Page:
The season of summer programs is upon us. Personally, I am staying home for the summer, which I talked about in my summer plans/updates post.
This sparks my interest even more to share with you guys how to make the most of your summer program, regardless of the size of the school, your natural ability, the style of the program, etc.
The following tips are the ways I am planning to make the most out of a stay-at-home summer of ballet.
1. Supplementing with cross training. If you feel like your summer course isn’t long enough or you don’t have enough classes, try supplementing your training with cross-training such as pilates, yoga, swimming, weightlifting, and cardio training. I plan on going to the gym at least 3 out of 5 weekdays and on Saturdays during my school’s summer program. My side note to you for this is to incorporate a rest day into this schedule, so your body can recover – most people choose Sundays for that.
2. Keeping a journal. Summer programs are a great time to gather what I like to call “data” that can help you develop better routines in the following school year. The best way I have learned to do this is through keeping a progress journal. In addition to a classic journal entry, I finish up with a table that includes my food intake, exercise, mental health, and physical ballet performance. This guides me to get an understanding of what types of food and exercise result in the best performance for me.
This is also a great way to retain corrections from your intensive for the whole summer. I have learned after many years of recording corrections in a dance journal that writing down every single correction you get during class can become repetitive and pointless. I prefer writing down artistic insights, super-helpful technique corrections, and exercise/cross-training ideas my teacher gives me. Don’t become a ballet-journal “robot” – really think about what you are writing down, write down a variety of content, and then try to apply it.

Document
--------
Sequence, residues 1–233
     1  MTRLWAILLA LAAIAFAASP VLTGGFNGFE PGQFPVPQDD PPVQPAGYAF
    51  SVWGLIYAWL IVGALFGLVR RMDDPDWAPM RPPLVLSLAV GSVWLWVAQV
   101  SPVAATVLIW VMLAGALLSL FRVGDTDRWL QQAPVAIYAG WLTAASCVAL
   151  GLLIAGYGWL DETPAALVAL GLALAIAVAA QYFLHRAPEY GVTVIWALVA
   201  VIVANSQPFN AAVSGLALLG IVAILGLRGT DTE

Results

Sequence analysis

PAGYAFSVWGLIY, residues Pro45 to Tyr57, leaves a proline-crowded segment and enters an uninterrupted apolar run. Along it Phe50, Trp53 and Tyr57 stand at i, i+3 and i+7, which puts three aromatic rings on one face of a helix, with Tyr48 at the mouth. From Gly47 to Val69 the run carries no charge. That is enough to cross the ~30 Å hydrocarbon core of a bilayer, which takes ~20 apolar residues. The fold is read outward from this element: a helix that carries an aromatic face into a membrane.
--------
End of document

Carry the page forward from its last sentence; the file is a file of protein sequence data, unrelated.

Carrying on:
3. Gaining some artistic insight. Often times I feel that summer intensives are not the most convenient time to work on stamina, because you typically have some time off afterwards. So, I prefer to use it as a time to think about my technique and artistry, and how I can adjust each step to make the most of it.
It can also often be that you are surrounded by dancers who are either at or above your technique level at a summer intensive, especially if you are going to one of the bigger schools. If this is the case, take this as an opportunity to watch the dancers in your class that you admire and learn from what they do. This is, of course, in addition to listening to the insight your teachers give.
I hope these three practical tips help you make the most of your summer program. Follow me on Instagram to keep updated with my summer intensive!